Another deadly rental van rampage occurred on Monday, this time on the streets of Toronto, Canada. The attack carried out by Alek Minassian left 10 people dead and even more injured. Similar attacks where assailants have used rental vehicles to cause damage has left car rental agencies finding new ways to screen potential threats and prevent their property from being involved in such violent acts. Efforts in the United States and Europe have seen major progress in which how car rental agencies conduct background checks since suffering from multiple similar attacks themselves.
"But rental agencies are still limited in how well they can screen customers," said Toby Poston, director of communications at the British Vehicle Rental and Leasing Association. "Members aren't expert at profiling customers," said Poston. "People don't come into rental branches wearing camo gear and stab vests and with that sort of glint in their eye. Quite often, these people just present themselves like any normal person." He continues "you have to remember that a criminal record is not always reason enough to not rent someone a vehicle. And you have to careful from a discrimination point of view."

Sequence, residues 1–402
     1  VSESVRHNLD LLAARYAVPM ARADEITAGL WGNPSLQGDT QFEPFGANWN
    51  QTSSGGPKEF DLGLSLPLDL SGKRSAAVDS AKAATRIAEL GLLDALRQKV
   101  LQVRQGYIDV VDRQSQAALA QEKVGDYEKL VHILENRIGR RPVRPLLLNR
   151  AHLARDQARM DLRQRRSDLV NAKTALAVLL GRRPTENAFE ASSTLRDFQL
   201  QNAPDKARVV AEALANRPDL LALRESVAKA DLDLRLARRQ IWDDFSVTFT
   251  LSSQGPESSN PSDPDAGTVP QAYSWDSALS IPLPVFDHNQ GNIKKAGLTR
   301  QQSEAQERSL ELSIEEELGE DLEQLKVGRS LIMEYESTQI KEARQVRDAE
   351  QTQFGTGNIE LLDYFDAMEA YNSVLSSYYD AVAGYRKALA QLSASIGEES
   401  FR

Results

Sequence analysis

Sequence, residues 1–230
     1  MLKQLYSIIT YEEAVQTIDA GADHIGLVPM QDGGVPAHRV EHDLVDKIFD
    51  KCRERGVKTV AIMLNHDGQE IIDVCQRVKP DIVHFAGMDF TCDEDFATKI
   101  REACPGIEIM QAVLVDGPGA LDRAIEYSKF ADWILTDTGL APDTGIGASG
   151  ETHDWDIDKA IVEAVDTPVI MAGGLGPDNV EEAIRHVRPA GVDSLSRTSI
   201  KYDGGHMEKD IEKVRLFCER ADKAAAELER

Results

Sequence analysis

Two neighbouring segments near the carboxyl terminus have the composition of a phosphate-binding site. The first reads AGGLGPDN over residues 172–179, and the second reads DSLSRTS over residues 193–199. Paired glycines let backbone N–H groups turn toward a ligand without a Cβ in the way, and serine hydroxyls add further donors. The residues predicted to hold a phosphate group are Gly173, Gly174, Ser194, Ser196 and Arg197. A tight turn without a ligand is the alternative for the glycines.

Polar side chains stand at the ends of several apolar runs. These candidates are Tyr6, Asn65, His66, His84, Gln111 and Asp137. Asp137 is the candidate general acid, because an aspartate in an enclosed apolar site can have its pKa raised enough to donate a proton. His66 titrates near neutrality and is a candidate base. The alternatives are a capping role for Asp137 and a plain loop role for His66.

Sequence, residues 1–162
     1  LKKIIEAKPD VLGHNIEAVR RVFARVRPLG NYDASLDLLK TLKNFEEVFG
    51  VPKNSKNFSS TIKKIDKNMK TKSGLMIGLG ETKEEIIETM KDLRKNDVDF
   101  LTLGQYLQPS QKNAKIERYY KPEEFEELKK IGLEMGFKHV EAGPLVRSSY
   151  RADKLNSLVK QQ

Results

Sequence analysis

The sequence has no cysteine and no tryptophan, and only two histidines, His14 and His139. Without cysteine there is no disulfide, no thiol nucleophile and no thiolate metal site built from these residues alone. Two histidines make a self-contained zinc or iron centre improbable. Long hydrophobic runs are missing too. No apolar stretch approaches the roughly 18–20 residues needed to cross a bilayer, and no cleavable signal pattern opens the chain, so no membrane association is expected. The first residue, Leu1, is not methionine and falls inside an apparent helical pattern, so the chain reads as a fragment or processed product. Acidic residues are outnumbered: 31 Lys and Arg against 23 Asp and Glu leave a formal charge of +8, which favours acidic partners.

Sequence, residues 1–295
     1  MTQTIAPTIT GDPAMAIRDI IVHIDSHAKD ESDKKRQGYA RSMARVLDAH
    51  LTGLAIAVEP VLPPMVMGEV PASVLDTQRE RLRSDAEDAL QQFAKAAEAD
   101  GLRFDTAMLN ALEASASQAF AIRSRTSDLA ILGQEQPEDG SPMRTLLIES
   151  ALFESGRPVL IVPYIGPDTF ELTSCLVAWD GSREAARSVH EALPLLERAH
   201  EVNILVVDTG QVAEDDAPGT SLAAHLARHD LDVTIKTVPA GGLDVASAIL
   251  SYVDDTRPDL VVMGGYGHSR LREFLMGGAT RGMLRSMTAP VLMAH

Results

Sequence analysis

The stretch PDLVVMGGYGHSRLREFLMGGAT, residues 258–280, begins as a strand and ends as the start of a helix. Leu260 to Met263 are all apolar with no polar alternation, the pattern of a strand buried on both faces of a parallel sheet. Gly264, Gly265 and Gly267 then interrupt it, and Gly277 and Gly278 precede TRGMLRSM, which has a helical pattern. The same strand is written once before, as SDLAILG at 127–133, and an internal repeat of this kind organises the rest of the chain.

However, in the end security checks still have no definitive way to prevent these attacks from happening. Car rental agencies could submit information to law and security officials to share data but with a criminal background check and a credit check cannot reveal a person's intention with the car rental. Alek Minassian is an example of how security checks could not have prevented this attack. Minassian was unable to raise any red flags, even when he did a brief stint in the Canadian Armed Forces last year. The Associated Canadian Car Rental Operators said government officials have yet to reach out to try to co-ordinate data sharing. And while such efforts would be complicated, the issue itself lies another question of when does that data sharing infringe on existing rights of the individual and rights to privacy.